Last updated: 10:20 AM ET, Fri March 11 2016

National Parks Fever Drives Tour Operator Business

Tour Operator | David Cogswell | March 11, 2016

National Parks Fever Drives Tour Operator Business

PHOTO: Yellowstone National Park. (Photo by David Cogswell)

The American love affair with our National Parks seems to be still intensifying. International visitors are also getting the national parks fever and driving enthusiasm higher than ever in 2016, the 100-year anniversary of the creation of the National Parks Service.

Yellowstone, the first national park, broke all previous annual attendance records last year by October.

The tour operator Collette reports its business is up 50 percent in early 2016 over the previous year, driven in large part by the current rage for visiting the national parks.

Tour operators, many of which have long histories of taking their guests to national parks, are competing for attention with a rash of new tours designed to capitalize on national parks fever and channel the interest into novel ways to create a rich national park experience.

With the National Park Service listing 59 parks, there are many ways to cut the National Park experience.

It’s possible to take a train from Chicago to Glacier Mountain National Park and then spend four days in the park with a new program from Unique Rail Journeys, a brand of Amtrak Vacations. The package includes two nights in a sleeper car on the Amtrak Empire Builder car, and six nights in hotels. The trip concludes in Seattle, with a tour around the city. The program also includes touring in Chicago.

Amtrak Vacations also offers a southwestern rail trip that has Grand Canyon National Park as its main destination, beginning in Chicago and ending in Los Angeles.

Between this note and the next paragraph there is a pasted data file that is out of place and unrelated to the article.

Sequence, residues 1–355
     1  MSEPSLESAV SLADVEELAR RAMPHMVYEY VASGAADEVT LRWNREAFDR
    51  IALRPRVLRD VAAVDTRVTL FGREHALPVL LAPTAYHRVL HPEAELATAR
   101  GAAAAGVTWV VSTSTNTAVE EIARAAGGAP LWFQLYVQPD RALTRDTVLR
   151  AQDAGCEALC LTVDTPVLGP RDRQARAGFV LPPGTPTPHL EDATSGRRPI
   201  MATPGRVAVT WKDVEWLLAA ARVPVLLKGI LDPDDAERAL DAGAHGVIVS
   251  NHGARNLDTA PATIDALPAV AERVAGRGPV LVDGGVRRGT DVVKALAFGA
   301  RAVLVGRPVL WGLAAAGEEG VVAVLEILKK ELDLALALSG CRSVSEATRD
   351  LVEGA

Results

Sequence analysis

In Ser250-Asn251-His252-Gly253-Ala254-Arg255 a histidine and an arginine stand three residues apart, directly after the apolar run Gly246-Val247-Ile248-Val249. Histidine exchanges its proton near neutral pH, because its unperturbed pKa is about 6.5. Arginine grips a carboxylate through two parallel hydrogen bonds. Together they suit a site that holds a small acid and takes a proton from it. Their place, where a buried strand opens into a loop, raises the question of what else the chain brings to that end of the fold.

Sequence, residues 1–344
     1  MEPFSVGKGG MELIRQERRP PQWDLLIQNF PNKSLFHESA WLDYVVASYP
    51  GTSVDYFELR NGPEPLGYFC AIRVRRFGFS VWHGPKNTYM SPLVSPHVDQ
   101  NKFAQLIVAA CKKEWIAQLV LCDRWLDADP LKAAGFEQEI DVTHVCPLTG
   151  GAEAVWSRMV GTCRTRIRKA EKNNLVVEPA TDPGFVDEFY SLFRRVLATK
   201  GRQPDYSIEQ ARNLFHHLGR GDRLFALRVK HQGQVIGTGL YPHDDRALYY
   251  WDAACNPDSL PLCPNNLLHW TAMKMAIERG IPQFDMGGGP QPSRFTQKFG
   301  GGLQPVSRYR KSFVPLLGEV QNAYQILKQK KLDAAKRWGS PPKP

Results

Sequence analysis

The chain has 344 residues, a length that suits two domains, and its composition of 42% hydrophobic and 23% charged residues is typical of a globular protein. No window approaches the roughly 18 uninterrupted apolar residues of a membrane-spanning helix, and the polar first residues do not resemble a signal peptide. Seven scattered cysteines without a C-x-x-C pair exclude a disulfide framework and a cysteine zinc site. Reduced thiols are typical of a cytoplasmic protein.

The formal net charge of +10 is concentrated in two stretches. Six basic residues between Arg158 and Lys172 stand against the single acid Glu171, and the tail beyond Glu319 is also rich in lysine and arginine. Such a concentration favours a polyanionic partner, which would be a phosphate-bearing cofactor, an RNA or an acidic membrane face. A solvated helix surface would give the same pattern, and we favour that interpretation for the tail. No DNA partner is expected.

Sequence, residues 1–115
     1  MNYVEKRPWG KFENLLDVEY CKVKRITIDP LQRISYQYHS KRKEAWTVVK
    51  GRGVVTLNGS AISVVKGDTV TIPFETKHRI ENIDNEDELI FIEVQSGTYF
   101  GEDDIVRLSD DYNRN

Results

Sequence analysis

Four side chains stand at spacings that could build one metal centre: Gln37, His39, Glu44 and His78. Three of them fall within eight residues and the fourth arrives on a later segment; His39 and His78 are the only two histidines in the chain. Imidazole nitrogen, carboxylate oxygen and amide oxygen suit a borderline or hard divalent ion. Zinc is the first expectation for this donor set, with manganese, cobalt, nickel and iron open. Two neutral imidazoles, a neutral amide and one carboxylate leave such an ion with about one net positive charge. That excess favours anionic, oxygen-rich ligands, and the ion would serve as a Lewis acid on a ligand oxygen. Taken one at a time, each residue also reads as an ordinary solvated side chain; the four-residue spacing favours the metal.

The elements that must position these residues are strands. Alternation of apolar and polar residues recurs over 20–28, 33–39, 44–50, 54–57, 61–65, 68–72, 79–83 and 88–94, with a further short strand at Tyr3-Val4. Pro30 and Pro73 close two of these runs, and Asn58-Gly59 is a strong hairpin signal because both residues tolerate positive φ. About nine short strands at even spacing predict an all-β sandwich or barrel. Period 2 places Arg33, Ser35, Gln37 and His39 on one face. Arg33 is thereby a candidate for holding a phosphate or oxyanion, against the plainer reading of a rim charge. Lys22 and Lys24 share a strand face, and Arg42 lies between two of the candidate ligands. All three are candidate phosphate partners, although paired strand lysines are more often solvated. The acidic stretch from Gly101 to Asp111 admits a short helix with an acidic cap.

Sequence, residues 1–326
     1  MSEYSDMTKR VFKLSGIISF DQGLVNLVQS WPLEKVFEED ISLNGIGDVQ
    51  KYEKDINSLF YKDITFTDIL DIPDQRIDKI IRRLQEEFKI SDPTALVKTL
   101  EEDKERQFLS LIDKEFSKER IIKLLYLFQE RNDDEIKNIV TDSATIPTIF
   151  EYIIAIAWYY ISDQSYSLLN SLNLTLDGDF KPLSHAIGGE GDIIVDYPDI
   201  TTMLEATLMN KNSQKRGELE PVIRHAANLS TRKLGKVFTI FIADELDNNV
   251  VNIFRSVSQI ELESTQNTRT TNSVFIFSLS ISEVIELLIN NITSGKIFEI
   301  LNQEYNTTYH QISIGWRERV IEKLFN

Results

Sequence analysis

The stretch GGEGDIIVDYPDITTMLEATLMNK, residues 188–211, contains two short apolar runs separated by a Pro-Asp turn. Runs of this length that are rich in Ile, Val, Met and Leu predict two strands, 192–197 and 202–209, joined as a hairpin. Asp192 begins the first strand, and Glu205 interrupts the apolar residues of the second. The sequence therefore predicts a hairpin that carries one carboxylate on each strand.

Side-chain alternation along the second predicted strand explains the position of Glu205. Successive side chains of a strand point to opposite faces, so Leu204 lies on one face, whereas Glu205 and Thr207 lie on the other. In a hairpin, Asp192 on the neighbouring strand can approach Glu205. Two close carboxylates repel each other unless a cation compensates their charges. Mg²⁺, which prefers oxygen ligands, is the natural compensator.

READ MORE: Wildlife Viewing in Lamar Valley at Yellowstone

Intrepid Travel is introducing four new tours this year to capitalize on National Park Fever. The trips provide national parks experiences in a variety of ways, including bicycling through southern Utah, hiking among California’s giant redwood trees, sailing the waters surrounding Florida and kayaking in Yellowstone.

Intrepid did some market research in coordination with the National Parks Centennial and found that 15 percent of Americans had never been to a major national landmark. Fifty-seven percent did not know the Grand Canyon is in Arizona, and 70 percent could not say what state Yellowstone is in.

The educational curve might be a little steep, but it looks like Intrepid is betting on enthusiasm.

Western River Expeditions is offering a rafting trip on the Colorado River that leads to three national parks: Arches and Canyonlands in Utah and Grand Canyon National Park in Arizona. The Colorado River starts near Grand Lake in Rocky Mountain National Park, runs 1,450 miles through the other three parks and ends up in Baja, Mexico.

The operator coordinates with Moab Adventure Center in Moab, Utah, to provide an optional hike in what is called the Fiery Furnace in Arches National Park and a Sunset Bus Tour among some of the most amazing rock formations in the world at Arches.